What Happens When Stars Collide? In This Case, A Newly Observed Kind of Pulsating Star

by Elizabeth Howell on June 28, 2013

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Artist's impression of the eclipsing, pulsating binary star J0247-25. (Credit: Keele University)

Artist’s impression of the eclipsing, pulsating binary star J0247-25. (Credit: Keele University)

It sure would be interesting to watch two stars run into each other — from a safe distance, of course. One can imagine there would be quite the titanic battle going on between their competing gravitational forces, throwing off gas and matter as they collide.

They also leave behind interesting echoes, at least according to new research. A European team looked at the leftovers of one collision and found a type of pulsating star that has never been seen before.

It’s common for stars to form in groups or to be paired up, since they form from immense gas clouds. Sometimes, a red giant star in a binary system gets so big that it will bump into a companion star orbiting nearby. This crash could shave 90% of the red giant star’s mass off, but astronomers are still trying to get their heads around what happens.

Eclipsing Binaries

Artists impression of a binary star system (courtesy NASA)

“Only a few stars that have recently emerged from a stellar collision are known, so it has been difficult to study the connection between stellar collisions and the various exotic stellar systems they produce,” Keele University, which led the research, stated.

Researchers who made the find were actually on the hunt for alien planets. They turned up what is called an “eclipsing” binary system, meaning that one of the stars passes in front of the other from the perspective of Earth.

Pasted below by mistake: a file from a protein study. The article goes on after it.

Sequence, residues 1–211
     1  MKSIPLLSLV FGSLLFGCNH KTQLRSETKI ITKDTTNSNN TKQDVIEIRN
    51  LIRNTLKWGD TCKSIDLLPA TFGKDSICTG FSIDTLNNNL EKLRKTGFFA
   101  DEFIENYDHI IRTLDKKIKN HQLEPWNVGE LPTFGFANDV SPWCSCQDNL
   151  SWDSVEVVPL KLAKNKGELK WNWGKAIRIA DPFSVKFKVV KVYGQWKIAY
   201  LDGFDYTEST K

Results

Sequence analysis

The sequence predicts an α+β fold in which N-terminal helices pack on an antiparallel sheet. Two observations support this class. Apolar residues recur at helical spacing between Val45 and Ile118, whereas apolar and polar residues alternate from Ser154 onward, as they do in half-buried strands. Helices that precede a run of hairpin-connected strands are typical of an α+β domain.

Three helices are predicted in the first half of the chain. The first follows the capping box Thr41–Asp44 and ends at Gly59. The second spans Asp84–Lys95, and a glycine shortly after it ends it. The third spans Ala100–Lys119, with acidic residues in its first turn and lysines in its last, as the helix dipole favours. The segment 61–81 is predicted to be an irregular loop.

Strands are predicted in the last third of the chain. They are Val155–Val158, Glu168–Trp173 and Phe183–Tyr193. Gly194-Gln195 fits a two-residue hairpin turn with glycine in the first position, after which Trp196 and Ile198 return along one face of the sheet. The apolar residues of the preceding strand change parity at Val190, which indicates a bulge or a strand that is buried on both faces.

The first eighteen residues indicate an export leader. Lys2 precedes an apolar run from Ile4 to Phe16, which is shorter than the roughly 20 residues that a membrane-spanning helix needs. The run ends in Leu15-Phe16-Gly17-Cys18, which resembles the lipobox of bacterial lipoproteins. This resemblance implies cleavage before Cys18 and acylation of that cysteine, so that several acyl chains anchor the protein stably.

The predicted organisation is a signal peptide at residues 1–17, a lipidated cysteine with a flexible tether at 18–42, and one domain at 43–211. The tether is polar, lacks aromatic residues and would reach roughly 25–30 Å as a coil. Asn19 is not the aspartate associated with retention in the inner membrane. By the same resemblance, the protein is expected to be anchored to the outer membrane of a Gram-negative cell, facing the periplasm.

The scientists then used a high-speed camera on the Very Large Telescope in Chile called ULTRACAM. The camera is capable of taking up to 500 pictures a second to track fast-moving astronomical events.

Observations revealed that “the remnant of the stripped red giant is a new type of pulsating star,” Keele stated.

The Very Large Telescope (VLT) at ESO's Cerro Paranal observing site in the Atacama Desert of Chile, consisting of four Unit Telescopes with main mirrors 8.2-m in diameter and four movable 1.8-m diameter Auxiliary Telescopes. The telescopes can work together, in groups of two or three, to form a giant interferometer, allowing astronomers to see details up to 25 times finer than with the individual telescopes. Credit: Iztok Boncina/ESO

The Very Large Telescope (VLT) at ESO’s Cerro Paranal observing site in the Atacama Desert of Chile, consisting of four Unit Telescopes with main mirrors 8.2-m in diameter and four movable 1.8-m diameter Auxiliary Telescopes. The telescopes can work together, in groups of two or three, to form a giant interferometer, allowing astronomers to see details up to 25 times finer than with the individual telescopes. Credit: Iztok Boncina/ESO

“We have been able to find out a lot about these stars, such as how much they weigh, because they are in a binary system,” stated Pierre Maxted, an astrophysicist at Keele.

“This will really help us to interpret the pulsation signal and so figure out how these stars survived the collision and what will become of them over the next few billion years.”

The next step for the researchers will be to calculate when the star will begin cooling down and become a white dwarf, which is what is left behind after a star runs out of fuel to burn.

Check out more details of the find in Nature.

Source: Keele University

About 

Elizabeth Howell is the senior writer at Universe Today. She also works for Space.com, Space Exploration Network, the NASA Lunar Science Institute, NASA Astrobiology Magazine and LiveScience, among others. Career highlights include watching three shuttle launches, and going on a two-week simulated Mars expedition in rural Utah. You can follow her on Twitter @howellspace or contact her at her website.

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